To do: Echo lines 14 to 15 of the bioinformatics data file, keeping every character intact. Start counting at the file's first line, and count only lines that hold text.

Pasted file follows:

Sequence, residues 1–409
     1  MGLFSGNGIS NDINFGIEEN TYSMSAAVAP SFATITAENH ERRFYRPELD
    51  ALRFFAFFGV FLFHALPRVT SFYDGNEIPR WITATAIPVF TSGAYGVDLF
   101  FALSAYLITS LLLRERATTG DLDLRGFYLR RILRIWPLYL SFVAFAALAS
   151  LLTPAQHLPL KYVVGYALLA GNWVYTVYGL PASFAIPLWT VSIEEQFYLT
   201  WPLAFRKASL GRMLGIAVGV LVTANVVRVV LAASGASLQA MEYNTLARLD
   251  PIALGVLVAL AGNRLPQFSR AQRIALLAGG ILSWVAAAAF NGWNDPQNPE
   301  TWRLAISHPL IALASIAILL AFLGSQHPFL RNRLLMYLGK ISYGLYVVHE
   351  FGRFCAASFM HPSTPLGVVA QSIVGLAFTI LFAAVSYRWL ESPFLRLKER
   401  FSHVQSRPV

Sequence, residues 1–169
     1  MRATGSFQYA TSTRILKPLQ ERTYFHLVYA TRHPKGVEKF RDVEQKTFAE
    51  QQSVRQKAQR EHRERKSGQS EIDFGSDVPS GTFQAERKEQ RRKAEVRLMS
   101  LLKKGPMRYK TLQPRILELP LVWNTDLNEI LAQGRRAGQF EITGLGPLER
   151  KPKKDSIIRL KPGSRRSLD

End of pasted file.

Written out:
   101  LLKKGPMRYK TLQPRILELP LVWNTDLNEI LAQGRRAGQF EITGLGPLER
   151  KPKKDSIIRL KPGSRRSLD